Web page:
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Pledge of allegiance.
Representative Connolly of
Constitution,- Affirmation of marriage.
Representative Kennedy of
JOURNAL OF THE SENATE
IN JOINT SESSION.
Joint Session of the Two Houses to Consider
Specific Amendments to the Constitution.
At four minutes past , the two Houses met in
and were called to order by the Honorable Robert E. Travaglini, President of the Senate.
The President, members, guests and employees then recited the pledge of allegiance to the flag.
At six minutes past , Mr. Lees doubted the presence of a quorum and asked
for a call of the yeas and nays to ascertain if a quorum was present. The
President, having determined that a quorum was not in attendance, then
directed the Sergeant-at-Arms to secure the presence of a quorum.
The President in the Chair, the yeas and nays having been completed at seventeen minutes past , a quorum was declared present.
Statement of Representative Connolly of
A statement of Representative Connolly of
MR. PRESIDENT: I would like to call to the attention of the Joint Session that I will be unable to be present in the House Chamber for today’s Joint Session due to medical concerns that keep me confined to my office. Any quorum roll calls that I may miss today is due entirely to the reason stated.
The Proposal for a Legislative Amendment to the Constitution relative to the affirmation of marriage (Senate, No. 5) [see Senate, No. 3190, amended of 2004] was read, the question being on again agreeing to the amendment.
The Proposal was as follows:--
ARTICLE OF AMENDMENT
The unified purpose of this Article is both to define the institution of civil marriage and to establish civil unions to provide same-sex persons with entirely the same benefits, protections, rights, privileges and obligations as are afforded to married persons, while recognizing that under present federal law same-sex persons in civil unions will be denied federal benefits available to married persons.
It being the public policy of this commonwealth to protect the unique relationship of marriage, only the union of one man and one woman shall be valid or recognized as a marriage in the commonwealth. Two persons of the same sex shall have the right to form a civil union if they otherwise meet the requirements set forth by law for marriage. Civil unions for same sex persons are established by this Article and shall provide entirely the same benefits, protections, rights, privileges and obligations that are afforded to persons married under the law of the commonwealth. All laws applicable to marriage shall also apply to civil unions.
debate, Mr. Barrios moved that the remarks of Representative Kennedy of
Remarks of Representative Kennedy of
Dear Members and Colleagues of the Great and General Court:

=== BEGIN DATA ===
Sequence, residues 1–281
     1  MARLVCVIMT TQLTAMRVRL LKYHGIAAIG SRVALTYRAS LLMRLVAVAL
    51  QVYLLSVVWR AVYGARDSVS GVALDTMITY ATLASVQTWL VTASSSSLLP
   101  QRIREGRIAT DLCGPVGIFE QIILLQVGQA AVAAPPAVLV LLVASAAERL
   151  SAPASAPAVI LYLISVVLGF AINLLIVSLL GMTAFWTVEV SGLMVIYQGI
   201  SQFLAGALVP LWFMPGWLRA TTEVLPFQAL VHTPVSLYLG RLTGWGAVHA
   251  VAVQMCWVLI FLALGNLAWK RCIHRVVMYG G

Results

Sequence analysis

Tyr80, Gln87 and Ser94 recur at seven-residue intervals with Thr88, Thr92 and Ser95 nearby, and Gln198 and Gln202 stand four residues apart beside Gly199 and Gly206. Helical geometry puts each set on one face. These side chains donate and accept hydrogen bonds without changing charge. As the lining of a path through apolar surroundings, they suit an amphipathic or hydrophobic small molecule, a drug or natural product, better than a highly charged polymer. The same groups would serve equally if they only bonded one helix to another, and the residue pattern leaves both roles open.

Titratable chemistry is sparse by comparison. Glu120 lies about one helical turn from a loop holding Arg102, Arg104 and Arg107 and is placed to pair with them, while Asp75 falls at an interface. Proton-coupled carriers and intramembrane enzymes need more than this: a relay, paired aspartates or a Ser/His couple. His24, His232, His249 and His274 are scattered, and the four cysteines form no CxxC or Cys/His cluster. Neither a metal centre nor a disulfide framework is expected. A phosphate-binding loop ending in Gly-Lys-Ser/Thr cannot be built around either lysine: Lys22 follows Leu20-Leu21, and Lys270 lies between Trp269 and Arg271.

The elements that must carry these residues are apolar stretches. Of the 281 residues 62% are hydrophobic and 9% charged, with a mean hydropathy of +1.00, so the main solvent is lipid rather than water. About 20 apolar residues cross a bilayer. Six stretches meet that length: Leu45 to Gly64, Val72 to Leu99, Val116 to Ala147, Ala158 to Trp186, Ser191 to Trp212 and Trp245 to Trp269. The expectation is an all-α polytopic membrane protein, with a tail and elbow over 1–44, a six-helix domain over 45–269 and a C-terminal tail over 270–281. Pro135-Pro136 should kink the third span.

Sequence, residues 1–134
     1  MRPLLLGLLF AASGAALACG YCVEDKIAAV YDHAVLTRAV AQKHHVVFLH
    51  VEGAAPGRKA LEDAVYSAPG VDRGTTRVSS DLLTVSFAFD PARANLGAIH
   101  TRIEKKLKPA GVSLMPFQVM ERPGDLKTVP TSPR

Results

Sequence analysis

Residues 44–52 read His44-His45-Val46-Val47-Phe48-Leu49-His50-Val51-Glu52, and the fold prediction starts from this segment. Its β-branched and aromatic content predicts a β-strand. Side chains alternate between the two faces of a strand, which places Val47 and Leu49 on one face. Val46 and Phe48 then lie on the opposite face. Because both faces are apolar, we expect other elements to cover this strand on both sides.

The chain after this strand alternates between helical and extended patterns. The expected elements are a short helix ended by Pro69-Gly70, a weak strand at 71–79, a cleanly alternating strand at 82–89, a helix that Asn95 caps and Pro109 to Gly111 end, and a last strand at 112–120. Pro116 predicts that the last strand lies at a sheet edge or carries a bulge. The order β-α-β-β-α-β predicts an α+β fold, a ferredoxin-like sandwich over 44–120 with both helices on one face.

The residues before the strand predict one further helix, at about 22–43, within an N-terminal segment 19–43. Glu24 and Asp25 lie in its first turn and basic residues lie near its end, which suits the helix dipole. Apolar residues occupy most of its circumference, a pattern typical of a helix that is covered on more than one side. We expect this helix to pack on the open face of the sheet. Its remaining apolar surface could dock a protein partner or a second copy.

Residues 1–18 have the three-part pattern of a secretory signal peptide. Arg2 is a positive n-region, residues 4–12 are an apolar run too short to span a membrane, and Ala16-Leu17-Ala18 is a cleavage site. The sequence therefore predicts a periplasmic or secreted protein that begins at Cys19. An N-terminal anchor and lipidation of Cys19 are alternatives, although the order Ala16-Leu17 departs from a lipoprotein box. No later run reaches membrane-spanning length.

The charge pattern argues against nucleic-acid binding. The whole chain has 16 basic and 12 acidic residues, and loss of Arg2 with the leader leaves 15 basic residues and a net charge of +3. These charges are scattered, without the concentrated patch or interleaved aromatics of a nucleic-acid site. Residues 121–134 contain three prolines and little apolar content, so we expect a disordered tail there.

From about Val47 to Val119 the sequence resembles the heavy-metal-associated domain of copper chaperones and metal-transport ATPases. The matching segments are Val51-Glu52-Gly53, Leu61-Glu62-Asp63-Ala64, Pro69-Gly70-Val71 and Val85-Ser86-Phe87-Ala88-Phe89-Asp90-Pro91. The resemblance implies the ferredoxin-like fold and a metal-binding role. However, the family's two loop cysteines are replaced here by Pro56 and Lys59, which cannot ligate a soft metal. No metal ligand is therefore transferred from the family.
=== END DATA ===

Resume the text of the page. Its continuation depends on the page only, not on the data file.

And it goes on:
Thank you for allowing Representative Teahan to read this statement on my behalf.
changed since we last met to discuss this historic matter in this hallowed
chamber. In February 2004, as we endlessly debated procedural motions
and compromise amendments, I felt that we scarcely scratched the surface of
the matter at hand. Many of us thought that legal wrangling
by the Governor and others would postpone the effective date of the
Of course, we know that this was not the case. The legal roadblocks that many attempted to establish in order to prevent same-sex marriage failed, and these couples have had this freedom for 16 months. Having keenly observed these events over the past year and a half; having seen the joy on the faces of those who have married their long-time partners; having heard the stories of families made whole; and having witnessed the power of our nation’s oldest Constitution in action, I cannot again vote to support this measure.
To support the Compromise Amendment now, after same-sex couples have had the right to marry for over a year, would be wrong. How can one justify taking away a constitutionally protected liberty? How can we not treat these couples, and the children they are raising, as fully equal?
members, it should not be our place to take rights and freedoms away from the
Although I am still confined to the hospital and awaiting additional surgery, I am following very closely the legislative issues and matters that are before the General Court. Thank you again for your kind attention and for allowing me to make my thoughts known to the Convention.
Good luck and God bless you all.
Thomas P. Kennedy
9th Plymouth District
After further consideration, Ms. Murray moved that a vote be taken forthwith on the main question on again agreeing to the amendment; and, there being no objection, the question on again agreeing to the amendment was taken by a call of the yeas and nays, as required by Article XLVIII of the Amendments to the Constitution, at a quarter before three o'clock P.M., as follows, to wit (yeas 39 - nays 157) [Senate Yeas and Nays No. 139] [House Yeas and Nays No. 174]:
The yeas and nays having been completed at , the amendment was rejected.
Without further action on the matters duly and
constitutionally assigned for consideration, on motion of Mr. Lees, at one
minute past , the
Joint Session was recessed until